GetMediaThere are homes that defy time. They last generations because they’re designed with classic architectural features that don’t go out of style, and are easily updated with little more than a coat of paint and some new tile. We have a stunning example of this for you today, an architecturally timeless Highland Park custom home at 4308 Arcady. Co-listed by Meridith Hayes and Karen Fry of Dave Perry-Miller Real Estate for $3.39 million, it’s 5,787 square feet of perfection.

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Barbara Gilbert Interiors. Photo: Michael Hunter Photography

Barbara Gilbert Interiors. Photo: Michael Hunter Photography

The emergence of the open floorplan as a home design standard means more eyes than ever are on our kitchens. Design and function evolve every year, and we’ve asked some of the top Dallas interior designers to dish on 2016 kitchen trends for us.

They say the overall vibe for this year is crisp and uncluttered, with the warmth of wood floors and accents. They’ve also given us some gorgeous photos to show these trends in action. It’s going to be a beautiful year!

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The living room of a Meadowood Estate designed by Mary Anne Smiley.

The living room of a Meadowood Estate designed by Mary Anne Smiley

Mary Anne Smiley had big plans for herself as a young woman. During childhood, she began drawing house plans and dreamed of a career in architecture.

Several years later, she tried to begin architecture studies at Oklahoma State University. But it was the 1960s, and the dean informed her, “Women do not enroll in architecture.”

Mary Anne Smiley

Mary Anne Smiley

That unfortunate turn of events led her to a different kind of adventure—she decided instead to study interior design and fine art. This began a successful career as an interior designer, and today, Smiley is recognized her as one of the top designers in Dallas. She received a Best of Houzz 2014 award for service, and a Best of Houzz 2015 award for design.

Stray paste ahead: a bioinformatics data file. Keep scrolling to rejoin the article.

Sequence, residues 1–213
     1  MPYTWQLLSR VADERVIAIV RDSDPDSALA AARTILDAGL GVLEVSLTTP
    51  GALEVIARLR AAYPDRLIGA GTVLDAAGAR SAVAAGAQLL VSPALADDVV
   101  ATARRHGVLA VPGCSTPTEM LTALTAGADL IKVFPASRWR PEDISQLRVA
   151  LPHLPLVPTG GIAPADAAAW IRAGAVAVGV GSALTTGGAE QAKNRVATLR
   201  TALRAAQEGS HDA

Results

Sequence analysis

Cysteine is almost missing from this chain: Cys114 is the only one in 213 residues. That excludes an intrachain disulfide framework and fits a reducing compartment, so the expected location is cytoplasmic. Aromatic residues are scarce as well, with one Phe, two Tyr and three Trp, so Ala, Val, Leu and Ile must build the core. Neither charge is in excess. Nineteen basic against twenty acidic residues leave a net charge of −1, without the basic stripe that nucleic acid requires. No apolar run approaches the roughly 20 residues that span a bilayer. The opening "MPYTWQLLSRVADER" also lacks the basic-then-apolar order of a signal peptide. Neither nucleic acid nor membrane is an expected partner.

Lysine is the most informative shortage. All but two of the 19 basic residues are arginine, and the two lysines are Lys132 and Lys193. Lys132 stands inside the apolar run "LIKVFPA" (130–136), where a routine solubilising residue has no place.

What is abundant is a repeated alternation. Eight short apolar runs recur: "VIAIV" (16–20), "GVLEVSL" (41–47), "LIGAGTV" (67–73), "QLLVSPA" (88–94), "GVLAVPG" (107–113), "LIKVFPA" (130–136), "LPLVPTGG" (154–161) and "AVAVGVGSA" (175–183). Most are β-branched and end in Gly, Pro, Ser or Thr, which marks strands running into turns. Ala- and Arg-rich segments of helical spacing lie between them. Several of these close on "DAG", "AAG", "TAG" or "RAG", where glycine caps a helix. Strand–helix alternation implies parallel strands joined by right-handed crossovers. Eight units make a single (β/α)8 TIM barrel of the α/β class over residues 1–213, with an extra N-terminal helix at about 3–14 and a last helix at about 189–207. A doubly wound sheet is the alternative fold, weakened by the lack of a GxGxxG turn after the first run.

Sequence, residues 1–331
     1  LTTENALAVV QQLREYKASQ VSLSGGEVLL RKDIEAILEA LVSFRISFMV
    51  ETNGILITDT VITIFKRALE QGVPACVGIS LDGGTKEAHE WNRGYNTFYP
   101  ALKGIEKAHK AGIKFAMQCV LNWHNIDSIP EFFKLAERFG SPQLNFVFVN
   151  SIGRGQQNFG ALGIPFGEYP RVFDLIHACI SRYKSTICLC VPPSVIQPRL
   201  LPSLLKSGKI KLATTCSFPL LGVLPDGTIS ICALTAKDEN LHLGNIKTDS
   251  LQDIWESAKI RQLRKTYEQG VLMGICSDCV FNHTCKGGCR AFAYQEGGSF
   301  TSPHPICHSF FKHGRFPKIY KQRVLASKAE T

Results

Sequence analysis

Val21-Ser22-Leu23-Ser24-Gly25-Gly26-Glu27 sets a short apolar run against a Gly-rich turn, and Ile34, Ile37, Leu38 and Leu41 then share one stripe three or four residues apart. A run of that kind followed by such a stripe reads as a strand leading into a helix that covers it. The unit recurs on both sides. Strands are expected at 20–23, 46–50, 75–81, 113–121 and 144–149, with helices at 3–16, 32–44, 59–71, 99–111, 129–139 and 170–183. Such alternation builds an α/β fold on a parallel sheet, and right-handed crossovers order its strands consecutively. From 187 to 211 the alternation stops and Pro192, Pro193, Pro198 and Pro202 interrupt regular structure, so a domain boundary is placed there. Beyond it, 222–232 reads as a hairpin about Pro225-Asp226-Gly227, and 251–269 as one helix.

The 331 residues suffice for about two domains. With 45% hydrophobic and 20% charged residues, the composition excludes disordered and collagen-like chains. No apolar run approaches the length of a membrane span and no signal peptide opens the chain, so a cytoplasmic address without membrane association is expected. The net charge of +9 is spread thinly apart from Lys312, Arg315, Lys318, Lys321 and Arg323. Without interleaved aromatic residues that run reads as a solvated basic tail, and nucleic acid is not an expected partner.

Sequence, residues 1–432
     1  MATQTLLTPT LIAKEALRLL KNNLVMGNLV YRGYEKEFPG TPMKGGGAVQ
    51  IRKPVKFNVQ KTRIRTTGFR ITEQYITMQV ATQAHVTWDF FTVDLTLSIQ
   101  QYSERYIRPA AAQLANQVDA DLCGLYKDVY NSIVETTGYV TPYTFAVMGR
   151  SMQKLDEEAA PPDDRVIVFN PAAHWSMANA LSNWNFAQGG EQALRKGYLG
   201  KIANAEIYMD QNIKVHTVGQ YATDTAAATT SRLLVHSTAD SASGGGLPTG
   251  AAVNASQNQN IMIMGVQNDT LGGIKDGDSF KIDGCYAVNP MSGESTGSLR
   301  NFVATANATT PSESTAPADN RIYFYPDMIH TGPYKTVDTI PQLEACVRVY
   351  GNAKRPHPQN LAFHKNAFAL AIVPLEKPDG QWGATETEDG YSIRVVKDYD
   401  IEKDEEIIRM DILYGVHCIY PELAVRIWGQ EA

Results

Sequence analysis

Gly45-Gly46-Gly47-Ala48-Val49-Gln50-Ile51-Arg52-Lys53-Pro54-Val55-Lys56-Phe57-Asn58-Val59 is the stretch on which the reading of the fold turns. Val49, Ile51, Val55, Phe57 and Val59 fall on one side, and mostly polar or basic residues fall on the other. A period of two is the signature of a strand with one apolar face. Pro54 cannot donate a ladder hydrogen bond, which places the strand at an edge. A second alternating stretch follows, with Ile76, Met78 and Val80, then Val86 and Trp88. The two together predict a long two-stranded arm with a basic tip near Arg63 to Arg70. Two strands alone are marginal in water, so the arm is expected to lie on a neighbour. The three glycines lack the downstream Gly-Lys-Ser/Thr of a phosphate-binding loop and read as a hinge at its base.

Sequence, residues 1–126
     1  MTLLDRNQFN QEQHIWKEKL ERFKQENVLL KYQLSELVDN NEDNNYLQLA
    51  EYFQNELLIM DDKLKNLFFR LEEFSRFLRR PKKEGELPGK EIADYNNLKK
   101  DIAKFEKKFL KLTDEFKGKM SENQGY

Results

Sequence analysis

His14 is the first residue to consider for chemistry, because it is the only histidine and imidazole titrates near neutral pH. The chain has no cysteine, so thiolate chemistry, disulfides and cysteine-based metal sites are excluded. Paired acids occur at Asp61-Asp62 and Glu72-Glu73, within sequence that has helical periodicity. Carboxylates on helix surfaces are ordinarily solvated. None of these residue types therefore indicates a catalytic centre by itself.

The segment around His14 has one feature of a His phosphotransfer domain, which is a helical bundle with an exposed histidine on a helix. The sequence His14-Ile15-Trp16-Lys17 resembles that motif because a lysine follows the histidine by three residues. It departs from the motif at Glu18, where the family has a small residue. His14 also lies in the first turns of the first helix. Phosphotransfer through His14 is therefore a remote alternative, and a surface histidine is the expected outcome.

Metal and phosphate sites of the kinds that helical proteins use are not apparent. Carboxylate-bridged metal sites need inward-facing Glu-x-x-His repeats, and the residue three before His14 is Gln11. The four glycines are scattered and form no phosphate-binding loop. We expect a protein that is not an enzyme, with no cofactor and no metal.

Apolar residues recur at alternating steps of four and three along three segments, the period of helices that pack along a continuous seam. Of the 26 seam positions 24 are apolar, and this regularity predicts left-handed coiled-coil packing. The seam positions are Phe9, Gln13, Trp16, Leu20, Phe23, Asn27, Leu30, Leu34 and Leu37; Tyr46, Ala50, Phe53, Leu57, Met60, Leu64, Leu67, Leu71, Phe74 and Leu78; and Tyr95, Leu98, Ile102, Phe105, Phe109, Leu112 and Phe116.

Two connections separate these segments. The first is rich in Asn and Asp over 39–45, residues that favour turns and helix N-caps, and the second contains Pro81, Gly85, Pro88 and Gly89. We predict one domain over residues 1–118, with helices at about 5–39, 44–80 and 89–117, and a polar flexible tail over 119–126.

“I went to college with the intention of being an architect, but I am so glad the dean told me women could not enroll in architecture, as I think that would have been so limiting for me,” Smiley said. “I also wanted to be an artist so bad, but realized I did not have the raw talent required for that at that time—during the 60s, if you were not angry, and interested in phallic symbols, you did not have what it took! I think all-in-all, I landed just where I needed to be.”

Smiley’s love of bright color made her a pioneer of its use in Dallas interior design, and a signature of hers is bright spots of pure color against soft pearl-finish backgrounds. She’s also known for her ability to mix antiques and lavish textiles with cutting-edge products, from metallics to recycled plastics.

“I love to mix elements,” she said. “For instance, in the Highland Park contemporary study, for the desk, I used two contemporary chrome bases for a custom acrylic ‘tray’ top with honey onyx insert. The unique thing about this desk that you do not see, is that the onyx has a hollow space that encompasses an LED light grid that lights the onyx top without any evidence of a light source or wiring, as the wiring is concealed inside the chrome base, running directly into the floor, with the transformer for the lighting mounted beneath the floor.”

Today, she brings her talents to clients with her company, Mary Anne Smiley Interiors, creating carefully curated spaces for a range of clients. Her work is simply stunning.

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